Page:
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'Godzilla' returns to prove he is still the King of Monsters



Release date: May 16, 2014

The King of Monsters returns to the big screen in an awesome new flick directed by Gareth Edwards.
Warner Bros. used with permission

Directed by: Gareth Edwards

Written by: Max Borenstein

Starring: Aaron Taylor-Johnson, Ken Watanabe, Elizabeth Olsen, and Bryan Cranston

Official website:

In many ways, Gareth Edwards take on the King of Monsters is exactly the "Godzilla" movie fans have been waiting for. It's big, it's scary, and at times pretty silly. It is, after all, it is a movie that is based on giant monsters fighting each other. It's awesome, in so many ways. But it's also important to keep in perspective what it means to be a great "Godzilla" movie.

The good news is that Edwards stays very true to the roots of the old Toho Studios movies from the 50s and 60s. When a mysterious threat is discovered by a nuclear physicist played by Bryan Cranston, disaster strikes before anyone will listen to his crazy claims. But the disaster is just a cover up for the discovery of a couple of nasty Kaiju (Japanese for strange creature) that look like they could be related to the "Cloverfield" monster. Able to emit an energy that equates to an electro-magnetic pulse, these two creatures, called Mutos, are searching for each other, destroying everything in their path.

Of course, in typical "Godzilla" movie fashion, the only way to stop one threat is to unleash the beast and that means waking up Godzilla to whoop these nasty Mutos before they procreate and then hope he himself doesn't decide to continue that path of destruction. It makes for some intense and thrilling action sequences, but at times it can be a little maddening waiting for the inevitable clash of monsters to finally go down.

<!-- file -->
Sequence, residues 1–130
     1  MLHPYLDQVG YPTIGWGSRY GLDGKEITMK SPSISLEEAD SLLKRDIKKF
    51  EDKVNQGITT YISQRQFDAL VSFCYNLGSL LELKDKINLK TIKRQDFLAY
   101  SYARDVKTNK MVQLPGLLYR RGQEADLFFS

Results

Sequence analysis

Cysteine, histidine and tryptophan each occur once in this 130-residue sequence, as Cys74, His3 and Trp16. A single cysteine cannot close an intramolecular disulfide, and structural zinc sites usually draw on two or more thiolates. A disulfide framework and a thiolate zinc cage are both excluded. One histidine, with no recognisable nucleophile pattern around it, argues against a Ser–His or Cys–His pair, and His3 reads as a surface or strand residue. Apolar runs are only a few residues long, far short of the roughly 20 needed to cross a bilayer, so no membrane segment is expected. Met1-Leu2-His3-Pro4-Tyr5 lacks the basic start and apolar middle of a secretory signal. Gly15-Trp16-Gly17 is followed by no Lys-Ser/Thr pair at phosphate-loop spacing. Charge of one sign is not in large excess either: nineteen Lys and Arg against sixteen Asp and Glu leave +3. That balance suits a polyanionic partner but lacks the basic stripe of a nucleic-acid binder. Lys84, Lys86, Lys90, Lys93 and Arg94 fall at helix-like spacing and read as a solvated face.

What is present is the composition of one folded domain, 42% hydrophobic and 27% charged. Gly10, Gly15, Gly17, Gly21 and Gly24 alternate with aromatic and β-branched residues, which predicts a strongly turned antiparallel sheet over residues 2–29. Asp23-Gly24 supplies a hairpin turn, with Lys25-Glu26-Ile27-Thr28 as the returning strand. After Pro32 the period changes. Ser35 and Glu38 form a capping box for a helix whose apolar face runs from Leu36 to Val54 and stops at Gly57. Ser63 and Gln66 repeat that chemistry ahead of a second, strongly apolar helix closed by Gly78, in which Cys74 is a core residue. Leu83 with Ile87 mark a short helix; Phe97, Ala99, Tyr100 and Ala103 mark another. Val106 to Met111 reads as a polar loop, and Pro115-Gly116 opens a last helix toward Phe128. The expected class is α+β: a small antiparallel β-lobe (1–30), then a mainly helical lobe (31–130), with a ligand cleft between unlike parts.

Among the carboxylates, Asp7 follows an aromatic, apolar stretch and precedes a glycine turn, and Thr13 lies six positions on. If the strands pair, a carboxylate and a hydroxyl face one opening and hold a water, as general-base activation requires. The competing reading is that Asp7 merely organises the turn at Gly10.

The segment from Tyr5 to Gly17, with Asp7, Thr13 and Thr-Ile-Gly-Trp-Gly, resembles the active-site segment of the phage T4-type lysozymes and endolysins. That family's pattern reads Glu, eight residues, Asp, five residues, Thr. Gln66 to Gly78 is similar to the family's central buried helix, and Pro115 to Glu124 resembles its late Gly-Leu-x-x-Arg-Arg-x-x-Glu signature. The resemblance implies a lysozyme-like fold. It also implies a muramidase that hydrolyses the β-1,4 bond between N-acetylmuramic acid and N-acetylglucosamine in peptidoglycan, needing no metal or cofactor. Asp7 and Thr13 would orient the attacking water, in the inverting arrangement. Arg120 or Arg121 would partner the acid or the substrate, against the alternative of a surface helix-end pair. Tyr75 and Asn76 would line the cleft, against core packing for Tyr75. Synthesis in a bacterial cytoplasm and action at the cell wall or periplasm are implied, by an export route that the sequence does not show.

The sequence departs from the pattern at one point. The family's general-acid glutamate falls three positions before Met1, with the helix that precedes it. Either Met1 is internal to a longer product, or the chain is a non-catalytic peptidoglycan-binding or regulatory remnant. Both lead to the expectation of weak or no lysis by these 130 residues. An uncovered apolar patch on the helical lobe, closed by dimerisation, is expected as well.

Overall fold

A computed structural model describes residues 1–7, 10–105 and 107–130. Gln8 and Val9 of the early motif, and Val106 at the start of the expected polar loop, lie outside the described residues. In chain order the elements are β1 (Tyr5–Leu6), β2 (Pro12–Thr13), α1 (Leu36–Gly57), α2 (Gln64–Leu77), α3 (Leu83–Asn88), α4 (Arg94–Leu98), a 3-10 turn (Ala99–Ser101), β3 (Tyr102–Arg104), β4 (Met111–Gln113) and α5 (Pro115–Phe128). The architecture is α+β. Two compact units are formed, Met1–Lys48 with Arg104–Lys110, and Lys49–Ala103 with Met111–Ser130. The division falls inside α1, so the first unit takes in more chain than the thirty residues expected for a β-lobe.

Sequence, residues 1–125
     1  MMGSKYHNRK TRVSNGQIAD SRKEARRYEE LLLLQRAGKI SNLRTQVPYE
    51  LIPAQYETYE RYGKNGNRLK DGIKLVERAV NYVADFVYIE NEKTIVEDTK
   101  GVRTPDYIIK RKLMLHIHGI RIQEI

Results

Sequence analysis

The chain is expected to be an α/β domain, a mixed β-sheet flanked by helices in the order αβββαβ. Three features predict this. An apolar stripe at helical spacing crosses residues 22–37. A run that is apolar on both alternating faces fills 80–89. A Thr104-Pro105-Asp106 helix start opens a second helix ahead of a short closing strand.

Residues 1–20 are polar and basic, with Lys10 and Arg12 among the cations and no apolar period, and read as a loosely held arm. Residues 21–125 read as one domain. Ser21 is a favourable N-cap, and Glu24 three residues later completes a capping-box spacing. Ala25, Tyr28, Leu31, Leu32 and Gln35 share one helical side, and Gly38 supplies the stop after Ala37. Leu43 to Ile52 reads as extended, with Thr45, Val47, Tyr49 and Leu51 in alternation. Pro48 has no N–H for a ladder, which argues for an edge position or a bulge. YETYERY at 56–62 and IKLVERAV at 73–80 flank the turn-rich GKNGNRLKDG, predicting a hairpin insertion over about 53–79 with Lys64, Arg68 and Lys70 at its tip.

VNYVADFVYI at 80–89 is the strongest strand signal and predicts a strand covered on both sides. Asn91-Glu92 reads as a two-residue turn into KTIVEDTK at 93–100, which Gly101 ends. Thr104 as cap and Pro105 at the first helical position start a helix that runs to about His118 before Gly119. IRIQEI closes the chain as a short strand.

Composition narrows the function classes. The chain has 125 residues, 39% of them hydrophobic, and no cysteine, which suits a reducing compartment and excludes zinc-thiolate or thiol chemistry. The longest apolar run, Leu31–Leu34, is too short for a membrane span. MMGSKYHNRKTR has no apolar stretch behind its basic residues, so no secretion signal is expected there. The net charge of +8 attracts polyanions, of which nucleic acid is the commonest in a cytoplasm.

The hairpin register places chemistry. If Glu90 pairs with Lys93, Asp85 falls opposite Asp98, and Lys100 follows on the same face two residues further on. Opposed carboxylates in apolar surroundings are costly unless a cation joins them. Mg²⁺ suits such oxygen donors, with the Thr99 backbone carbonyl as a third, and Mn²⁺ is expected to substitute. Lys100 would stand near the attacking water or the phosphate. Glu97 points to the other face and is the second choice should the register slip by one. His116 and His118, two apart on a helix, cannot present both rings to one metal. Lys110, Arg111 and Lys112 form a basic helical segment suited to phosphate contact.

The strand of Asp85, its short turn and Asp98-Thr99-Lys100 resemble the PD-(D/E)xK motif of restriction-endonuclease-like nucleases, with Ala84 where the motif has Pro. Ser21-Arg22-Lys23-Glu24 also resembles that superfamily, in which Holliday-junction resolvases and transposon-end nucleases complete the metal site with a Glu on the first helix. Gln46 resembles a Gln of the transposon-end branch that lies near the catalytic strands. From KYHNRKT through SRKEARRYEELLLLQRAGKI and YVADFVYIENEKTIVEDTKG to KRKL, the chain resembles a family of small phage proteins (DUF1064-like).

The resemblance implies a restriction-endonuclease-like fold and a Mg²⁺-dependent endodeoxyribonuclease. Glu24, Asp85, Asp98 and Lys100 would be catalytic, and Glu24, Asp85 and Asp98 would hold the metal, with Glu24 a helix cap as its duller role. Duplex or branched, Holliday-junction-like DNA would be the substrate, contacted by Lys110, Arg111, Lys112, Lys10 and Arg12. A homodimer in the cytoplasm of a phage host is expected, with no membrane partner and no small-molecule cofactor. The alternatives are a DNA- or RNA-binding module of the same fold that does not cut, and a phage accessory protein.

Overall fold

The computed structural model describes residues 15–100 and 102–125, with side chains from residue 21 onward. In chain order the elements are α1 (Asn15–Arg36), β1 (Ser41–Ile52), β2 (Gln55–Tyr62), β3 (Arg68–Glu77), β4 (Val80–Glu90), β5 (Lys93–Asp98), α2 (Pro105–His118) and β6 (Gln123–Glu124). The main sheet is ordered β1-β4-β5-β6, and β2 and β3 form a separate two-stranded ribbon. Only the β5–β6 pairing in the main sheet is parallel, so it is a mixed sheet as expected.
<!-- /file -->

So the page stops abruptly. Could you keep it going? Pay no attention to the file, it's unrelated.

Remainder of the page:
It's a simple concept and story, masterfully executed by director Gareth Edwards. The film maintains the classic Godzilla feel throughout. Edwards proves to have a terrific eye for character detail and an ability to deliver epic, jaw dropping imagery. There are times when the film struggles with pacing, but when the monsters are on screen, it's well worth the wait. The FX shots are incredible and the film is definitely worth the IMAX up-charge -- although the 3D is pretty weak -- but the end battle of the film where Godzilla takes on two Mutos is worth the price of admission alone.

Thankfully, the back story involving the humans is interesting enough to keep the movie going in between teases of monster destruction. Cranston is magnificent as the crazed scientist trying to prove he isn't a crazed scientist. Aaron Taylor-Johnson (Kick-Ass, Avengers 2) plays his son, who is also a Naval explosives expert that gets caught up in the hunt for these creatures. His wife is played by Elizabeth Olsen (Oldboy, Avengers 2) and the relationship is real enough to root for, but never bogs the story down too much.

"Godzilla" is the first summer movie to pack the punch it promises. Fans of the King of Monsters won't be disappointed. The film begins slow, but intense buildup and culminates with arguably the most brutal and exhilarating movie monster battles that has ever graced the silver screen.

Running time: 123 minutes

Rating: PG-13 for intense sequences of destruction, mayhem and creature violence

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